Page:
About the Artists
Tribal affiliation: Wiyot
Rick Bartow draws from Native American mythologies often combining human and animal imagery and will show several of his wood sculptures in I.M.N.D.N. Bartow has exhibited nationally and internationally, including exhibitions at the National Museum of the American Indian in Manhattan, The White House, Washington, D.C. (organized by the Heard Museum); Indian Reality Today, Westfaliches Landesmuseum fur Naturkunde, Munster, Germany; Head, Heart and Hands, organized by the Kentucky Art and Craft Gallery in Louisville, Kentucky, and traveling to the American Craft Museum, New York, New York; Indian Time at the Institute of American Indian Arts Museum, Santa Fe, New Mexico; and The Museum of Art & Design's Changing Hands 2: Art Without Reservation, New York, New York. In 2012, Bartow completed a commission for the Smithsonian, the monumental 27' sculpture, "We Were Always Here," welcomes visitors at the entrance of the National Museum of the American Indian in Washington, DC.
Tribal affiliation: Okanagan member of Colville Confederated Tribes
Washington artist Joe Feddersen will be represented in I.M.N.D.N. with the hanging glass tapestry Charmed. Like many of his glass vessels and prints, Charmed combines indigenous symbols with imagery borrowed from the urban landscape like power towers and the striping of parking lots. Feddersen's work is in the collections of the Seattle Art Museum, Portland Art Museum, Eitlejorg Museum of the American Indian, Smithsonian National Museum of the American Indian, and the Whitney Museum of American Art.
Tribal affiliation: Tlingit
Alaskan artist Nicholas Galanin is a concept driven artist inspired by generations of Tlingit creativity. Like Red Star, Galanin's work is included in Cross Currents at Denver's Center for the Visual Arts. Galanin works in many visual arts media, including sculpture, video and performance. He draws on indigenous technologies and global experiences and challenges the tired prescriptions of the "Indian art world" and it's institutions. Galanin's work can be found in the collections of the Peabody Essex Museum, Anchorage Museum, Burke Museum, Seattle, WA and the Portland Museum of Art.
Hachivi Edgar Heap of Birds
Tribal affiliation: Cheyenne and Arapaho
Internationally recognized for his political and site-specific public installations, Hachivi Edward Heap of Birds' work uses text and public signage on a large scale to entice and confront the viewer. For Marylhurst, twelve signs from the Native Hosts series will be installed along Furman Drive on campus. Like the other Native Host series, created for New York and British Columbia, in the Oregon series twelve Oregon tribes (Umatilla, Siletz, Grand Ronde and Coquille, for example) welcome visitors to Oregon. The artist's work is exhibited worldwide and he has received awards from the National Endowment of the Arts, Rockefeller Foundation, the Pew Charitable Trust and the Andy Warhol Foundation. Heap of Birds' artwork was chosen to represent the Smithsonian's Museum of the American Indian at the 52nd Venice Biennale.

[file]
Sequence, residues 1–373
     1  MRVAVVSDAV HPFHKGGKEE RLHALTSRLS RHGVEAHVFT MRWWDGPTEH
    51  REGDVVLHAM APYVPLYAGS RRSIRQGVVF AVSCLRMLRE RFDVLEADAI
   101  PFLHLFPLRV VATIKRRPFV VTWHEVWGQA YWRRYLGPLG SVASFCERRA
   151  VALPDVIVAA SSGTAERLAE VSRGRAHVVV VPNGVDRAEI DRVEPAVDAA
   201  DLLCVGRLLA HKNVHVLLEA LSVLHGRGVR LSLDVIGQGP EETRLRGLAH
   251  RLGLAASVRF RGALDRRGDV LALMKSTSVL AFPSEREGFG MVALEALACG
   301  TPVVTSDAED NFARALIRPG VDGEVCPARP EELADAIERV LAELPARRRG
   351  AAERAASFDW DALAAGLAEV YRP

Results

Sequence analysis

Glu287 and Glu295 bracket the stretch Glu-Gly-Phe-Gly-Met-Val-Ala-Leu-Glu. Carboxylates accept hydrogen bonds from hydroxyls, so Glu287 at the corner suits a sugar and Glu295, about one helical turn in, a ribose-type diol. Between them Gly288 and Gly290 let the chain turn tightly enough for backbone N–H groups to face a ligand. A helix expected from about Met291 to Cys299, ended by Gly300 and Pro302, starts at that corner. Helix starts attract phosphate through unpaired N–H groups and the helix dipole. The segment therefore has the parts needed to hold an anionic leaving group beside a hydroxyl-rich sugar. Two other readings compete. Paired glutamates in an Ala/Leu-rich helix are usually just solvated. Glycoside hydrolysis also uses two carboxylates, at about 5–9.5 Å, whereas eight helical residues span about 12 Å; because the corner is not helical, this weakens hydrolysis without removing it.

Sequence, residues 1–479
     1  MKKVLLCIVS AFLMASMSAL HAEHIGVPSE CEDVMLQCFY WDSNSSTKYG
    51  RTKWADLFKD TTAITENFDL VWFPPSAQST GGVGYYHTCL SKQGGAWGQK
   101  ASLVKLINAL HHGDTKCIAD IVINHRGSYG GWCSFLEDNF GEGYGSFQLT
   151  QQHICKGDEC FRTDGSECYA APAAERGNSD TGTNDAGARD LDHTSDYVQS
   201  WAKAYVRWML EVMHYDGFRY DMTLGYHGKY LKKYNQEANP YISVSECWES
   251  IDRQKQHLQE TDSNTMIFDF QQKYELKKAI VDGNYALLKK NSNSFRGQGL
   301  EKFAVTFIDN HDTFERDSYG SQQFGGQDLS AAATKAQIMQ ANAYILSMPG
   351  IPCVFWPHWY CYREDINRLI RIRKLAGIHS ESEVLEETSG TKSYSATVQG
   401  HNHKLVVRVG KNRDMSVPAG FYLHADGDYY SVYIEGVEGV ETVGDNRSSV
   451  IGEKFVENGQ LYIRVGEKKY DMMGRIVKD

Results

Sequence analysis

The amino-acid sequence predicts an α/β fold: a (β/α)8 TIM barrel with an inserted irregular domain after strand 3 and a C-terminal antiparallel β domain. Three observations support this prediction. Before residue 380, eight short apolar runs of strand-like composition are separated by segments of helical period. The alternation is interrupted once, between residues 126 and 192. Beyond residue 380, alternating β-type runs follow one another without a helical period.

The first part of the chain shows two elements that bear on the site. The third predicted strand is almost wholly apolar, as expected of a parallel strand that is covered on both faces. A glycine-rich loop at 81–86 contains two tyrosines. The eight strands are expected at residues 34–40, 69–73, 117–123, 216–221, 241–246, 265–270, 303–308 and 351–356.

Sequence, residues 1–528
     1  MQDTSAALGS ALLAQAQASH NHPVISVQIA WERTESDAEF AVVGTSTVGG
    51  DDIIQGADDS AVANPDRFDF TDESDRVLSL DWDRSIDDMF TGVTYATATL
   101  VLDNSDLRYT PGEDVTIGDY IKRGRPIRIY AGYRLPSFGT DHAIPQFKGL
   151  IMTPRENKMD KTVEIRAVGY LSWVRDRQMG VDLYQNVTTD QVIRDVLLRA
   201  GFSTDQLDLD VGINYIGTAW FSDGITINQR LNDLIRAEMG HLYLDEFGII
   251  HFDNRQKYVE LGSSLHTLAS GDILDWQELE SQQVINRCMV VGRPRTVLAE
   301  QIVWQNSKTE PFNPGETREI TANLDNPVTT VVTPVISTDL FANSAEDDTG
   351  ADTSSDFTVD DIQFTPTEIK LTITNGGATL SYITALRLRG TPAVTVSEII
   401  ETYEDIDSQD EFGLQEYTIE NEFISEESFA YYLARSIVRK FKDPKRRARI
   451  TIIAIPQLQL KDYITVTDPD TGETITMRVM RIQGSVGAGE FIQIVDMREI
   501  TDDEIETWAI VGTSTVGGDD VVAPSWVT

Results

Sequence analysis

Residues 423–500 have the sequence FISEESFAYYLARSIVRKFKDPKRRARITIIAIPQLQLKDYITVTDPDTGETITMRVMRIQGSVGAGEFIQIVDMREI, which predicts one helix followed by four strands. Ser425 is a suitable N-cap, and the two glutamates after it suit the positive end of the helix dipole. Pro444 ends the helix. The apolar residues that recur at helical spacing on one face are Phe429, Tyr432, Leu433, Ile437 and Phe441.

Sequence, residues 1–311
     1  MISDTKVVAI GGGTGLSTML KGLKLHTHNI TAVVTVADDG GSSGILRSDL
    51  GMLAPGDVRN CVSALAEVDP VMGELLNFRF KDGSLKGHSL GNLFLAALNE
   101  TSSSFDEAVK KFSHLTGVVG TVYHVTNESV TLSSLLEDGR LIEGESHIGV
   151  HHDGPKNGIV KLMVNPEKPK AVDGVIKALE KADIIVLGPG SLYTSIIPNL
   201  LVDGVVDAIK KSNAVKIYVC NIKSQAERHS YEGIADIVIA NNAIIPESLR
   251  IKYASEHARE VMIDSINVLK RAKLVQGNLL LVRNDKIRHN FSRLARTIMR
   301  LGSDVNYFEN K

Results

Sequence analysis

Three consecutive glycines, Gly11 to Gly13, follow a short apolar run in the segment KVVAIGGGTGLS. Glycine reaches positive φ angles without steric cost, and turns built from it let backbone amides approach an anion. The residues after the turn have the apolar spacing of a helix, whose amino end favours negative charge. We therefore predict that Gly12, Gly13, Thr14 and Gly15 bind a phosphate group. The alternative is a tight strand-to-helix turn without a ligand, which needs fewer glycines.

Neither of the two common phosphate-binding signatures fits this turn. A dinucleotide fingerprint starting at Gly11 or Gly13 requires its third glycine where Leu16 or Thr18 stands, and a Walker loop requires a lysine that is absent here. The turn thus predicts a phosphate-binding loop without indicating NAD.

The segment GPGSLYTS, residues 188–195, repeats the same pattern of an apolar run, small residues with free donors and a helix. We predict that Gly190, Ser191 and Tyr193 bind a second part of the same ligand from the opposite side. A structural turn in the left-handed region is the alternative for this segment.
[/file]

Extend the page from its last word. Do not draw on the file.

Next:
Tribal affiliation: The Blood Tribe
Calgary artist Terrance Houle is known for his work exploring contemporary indigenous themes and issues. He has a broad practice, which includes performance, photography, video/film, music, painting and tools of mass dissemination such as billboards and bus signage. Houle is exhibiting photographs and collaborating on an installation with Wendy Red Star for The Art Gym exhibition. In 2012 he started the National Indian Leg Wrestling League of North America. Houle is a graduate of the Alberta College of Art and Design. He was awarded Best Experimental Film in Toronto's 2004 ImagineNative Film Festival. In 2006, the City of Calgary awarded him the Enbridge Emerging Artist Award. Houle's art, film and performance work has been shown in Canada, the United States, Great Britain and Australia, including at the Smithsonian's National Museum of the American Indian in New York City and Western Front in Vancouver, British Columbia.
Tribal affiliation: Tahltan
Peter Morin uses his art to honor his home, and the stories and words of his people the Tahltan Nation. Morin uses performance, ceremony, and visual art to examine indigenous identity, d-colonization and language. The Art Gym exhibition will include artifacts and photo documentation from Morin's performances. His work and performances have been presented by museums and galleries throughout Canada, including the Royal Ontario Museum, in Toronto; Open Space in Victoria, and Urban Shaman in Winnipeg. Morin, who is based in Vancouver, British Columbia, is also an active educator and curator and has organized exhibitions at the Museum of Anthropology, Western Front, the Burnaby Art Gallery.
Wendy Red Star
Tribal affiliation: Crow
Portland-based Wendy Red Star explores the intersection of life on the reservation and the world outside. She is creating a new body of work for I.M.N.D.N.— the White Squaw series, using as source material the covers of E.J. Hunter's racist, sexist mass-market paperback books, published in the 1980s with titles like Buckskin Bombshell, Dakota Squeeze, and Twin Peaks or Bust. Red Star is also collaborating with Terrance Houle on a new installation for the show. Red Star's work is currently part of Cross Currents at the Metropolitan State University of Denver's Center for the Visual Arts and was recently included in Space is the Place at Disjecta in Portland, Oregon. Red Star's work has also been presented by the Fondation Cartier L'Art Contemporain, Paris, France; Research & Development, Chicago, Illinois; The Museum Tower at MOCA, Los Angeles, California; And/Or gallery, Dallas, Texas, The UCLA New Wight Gallery, Los Angeles, California; Domaine De Kerguehennc, Brittany, France; Hudson D. Walker gallery, Provincetown, Massachusetts; and Laura Bartlett Gallery, London, England.